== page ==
WASHINGTON — The Senate Judiciary Committee on Monday began the first of four days of confirmation hearings on Supreme Court nominee Neil Gorsuch, who was lauded by Republicans as a highly respected, independent-minded judge with widespread support and impeccable credentials and denounced by Democrats as an extremist who has opposed workers' rights, abortion rights, environmental protections and gun control.
"No matter your politics ... you should be concerned about the preservation of our constitutional order and the separation of powers," said Judiciary Chairman Chuck Grassley, R-Iowa. "Fortunately for every American, we have before us today a nominee whose body of professional work is defined by an unfailing commitment to these principles. His grasp on the separation of powers — including judicial independence — enlivens his body of work."
But Sen. Dianne Feinstein of California, the committee's senior Democrat, said Gorsuch's writings suggest that he opposes the Supreme Court's landmark Roe v. Wade decision in 1973 in favor of abortion rights. She said she also was concerned about two opinions he wrote that would make it easier for convicted felons to obtain firearms.
"Who sits on the Supreme Court should not simply evaluate legalistic theories and Latin phrases in isolation," Feinstein said. "They must understand the court's decisions have real world consequences for men, women and children across our nation."
This will be the first time that most Americans have heard from Gorsuch — a judge for the U.S. 10th Circuit Court of Appeals in Denver — since he was introduced to the public by President Trump at the end of January to replace conservative Justice Antonin Scalia, who died more than a year ago. Gorsuch will deliver his opening remarks Monday after being introduced by the two senators from his home state of Colorado — Republican Sen. Cory Gardner and Democratic Sen. Michael Bennet.
But most of Monday will be taken up by the opening statements of the committee's 11 Republican senators and nine Democratic senators as they lay out the case for and against Gorsuch's confirmation. Gorsuch, 49, is expected to face tough questioning from the panel's Democrats beginning Tuesday.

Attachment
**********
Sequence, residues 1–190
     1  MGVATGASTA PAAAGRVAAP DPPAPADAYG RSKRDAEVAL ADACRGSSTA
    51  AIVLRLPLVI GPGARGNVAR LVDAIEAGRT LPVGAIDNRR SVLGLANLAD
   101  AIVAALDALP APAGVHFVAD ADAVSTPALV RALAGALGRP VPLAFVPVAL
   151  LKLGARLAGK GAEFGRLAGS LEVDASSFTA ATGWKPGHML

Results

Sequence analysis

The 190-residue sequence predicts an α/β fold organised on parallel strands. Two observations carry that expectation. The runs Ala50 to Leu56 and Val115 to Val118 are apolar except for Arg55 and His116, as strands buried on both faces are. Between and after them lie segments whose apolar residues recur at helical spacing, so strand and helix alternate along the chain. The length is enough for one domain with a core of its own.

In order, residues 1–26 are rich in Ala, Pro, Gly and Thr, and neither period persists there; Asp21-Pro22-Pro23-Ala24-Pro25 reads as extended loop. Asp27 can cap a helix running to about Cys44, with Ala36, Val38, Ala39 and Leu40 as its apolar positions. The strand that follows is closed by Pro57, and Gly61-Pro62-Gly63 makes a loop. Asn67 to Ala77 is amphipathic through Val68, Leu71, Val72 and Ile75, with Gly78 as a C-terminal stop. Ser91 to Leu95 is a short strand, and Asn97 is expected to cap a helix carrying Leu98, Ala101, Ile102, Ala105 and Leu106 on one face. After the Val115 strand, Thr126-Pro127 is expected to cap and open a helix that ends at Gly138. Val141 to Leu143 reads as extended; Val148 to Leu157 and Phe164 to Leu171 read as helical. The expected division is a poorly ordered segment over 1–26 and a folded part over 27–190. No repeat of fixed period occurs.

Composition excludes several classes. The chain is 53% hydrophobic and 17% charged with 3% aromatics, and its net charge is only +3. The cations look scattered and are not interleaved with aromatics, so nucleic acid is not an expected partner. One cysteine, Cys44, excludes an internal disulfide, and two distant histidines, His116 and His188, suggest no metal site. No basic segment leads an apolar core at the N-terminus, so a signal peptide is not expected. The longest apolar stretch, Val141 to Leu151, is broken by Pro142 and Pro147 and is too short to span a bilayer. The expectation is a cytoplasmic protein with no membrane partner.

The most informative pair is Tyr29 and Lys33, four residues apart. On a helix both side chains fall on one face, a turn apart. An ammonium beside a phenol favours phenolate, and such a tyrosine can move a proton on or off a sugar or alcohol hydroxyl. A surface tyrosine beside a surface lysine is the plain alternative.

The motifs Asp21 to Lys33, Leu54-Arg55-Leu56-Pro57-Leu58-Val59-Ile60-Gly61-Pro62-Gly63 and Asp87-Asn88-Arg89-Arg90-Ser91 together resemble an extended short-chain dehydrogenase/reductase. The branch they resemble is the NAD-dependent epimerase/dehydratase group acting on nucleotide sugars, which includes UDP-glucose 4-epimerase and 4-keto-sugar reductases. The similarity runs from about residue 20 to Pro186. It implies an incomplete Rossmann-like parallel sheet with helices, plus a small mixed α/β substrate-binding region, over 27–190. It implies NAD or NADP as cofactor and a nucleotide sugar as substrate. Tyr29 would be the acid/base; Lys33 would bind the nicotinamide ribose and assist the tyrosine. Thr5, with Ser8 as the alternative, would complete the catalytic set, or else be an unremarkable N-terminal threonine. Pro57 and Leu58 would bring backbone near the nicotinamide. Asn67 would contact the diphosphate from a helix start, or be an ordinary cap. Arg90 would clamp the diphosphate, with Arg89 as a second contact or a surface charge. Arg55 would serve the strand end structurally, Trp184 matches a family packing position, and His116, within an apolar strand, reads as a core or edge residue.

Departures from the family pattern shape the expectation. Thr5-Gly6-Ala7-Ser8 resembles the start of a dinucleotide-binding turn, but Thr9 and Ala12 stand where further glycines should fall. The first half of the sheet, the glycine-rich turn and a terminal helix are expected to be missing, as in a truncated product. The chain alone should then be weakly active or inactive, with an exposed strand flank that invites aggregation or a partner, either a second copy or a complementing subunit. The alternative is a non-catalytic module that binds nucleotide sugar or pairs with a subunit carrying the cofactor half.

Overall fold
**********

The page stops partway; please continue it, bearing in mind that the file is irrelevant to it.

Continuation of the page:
The committee, whose members range from liberal Sen. Patrick Leahy, D-Vt., to conservative Sen. Ted Cruz, R-Texas, is poised to vote in early April on whether to recommend that Gorsuch be confirmed by the full Senate.
It will take 60 votes on the Senate floor to advance Gorsuch's nomination, meaning that he must attract the support of at least eight Democrats since Republicans hold only 52 seats in the closely divided chamber. Senate Majority Leader Mitch McConnell, R-Ky., has expressed confidence that Gorsuch can get 60 votes. If that doesn't happen, McConnell has the option of invoking the "nuclear option" to change Senate rules to allow Gorsuch to be confirmed with a simple majority of 51 votes.
McConnell and Minority Leader Chuck Schumer, D-N.Y., have been previewing the arguments for and against Gorsuch for weeks.
In a speech on the Senate floor a week ago, McConnell touted the fact that Gorsuch had just been rated as "well qualified" by the American Bar Association, which is made up of more than 400,000 attorneys, law students and others interested in the legal profession.
"That’s high acclaim from an organization that our colleagues on the left have long considered the ‘gold standard,' " McConnell said. "It’s the type of acclaim we keep hearing from Democrats and Republicans in the legal community. Judge Gorsuch has an impressive resume and impressive credentials to match. He graduated Phi Beta Kappa from Columbia in just three years, got his law degree from Harvard, and he’s an Oxford scholar to boot. The Senate confirmed him to his current position on the circuit court without a single vote in opposition. He’s the right jurist for the job."
Schumer, in a speech on the Senate floor last week, said Gorsuch "may act like a studied, neutral judge, but his record suggests he actually has a right-wing, pro-corporate special interest agenda."
"Judge Gorsuch may sometimes express a lot of sympathy for the less powerful verbally, but when it comes time to rule, when the chips are down, far too often he has sided with the powerful few over everyday Americans trying to get a fair shake," Schumer said. "He has repeatedly sided with insurance companies who wanted to deny disability benefits to employees. In employment discrimination cases, Bloomberg (News) found he has sided with employers 66% of the time ... And on money in politics — the scourge, the poison of our political system, undisclosed dark money — Judge Gorsuch seems to be ... willing to restrict the most common-sense contribution limits."
The debate is complicated by the bad blood between Democrats and Republicans over former president Barack Obama's final Supreme Court nominee. Obama nominated appeals court Judge Merrick Garland, widely viewed as a moderate, to replace Scalia in March of last year. But Republican leaders refused to even hold confirmation hearings on Garland, saying that Obama should not be allowed to appoint a justice in the final year of his presidency and that the decision should be left to his successor. Democrats and many liberal advocacy groups see the GOP action in Garland's case as "stealing" a Supreme Court seat from Obama.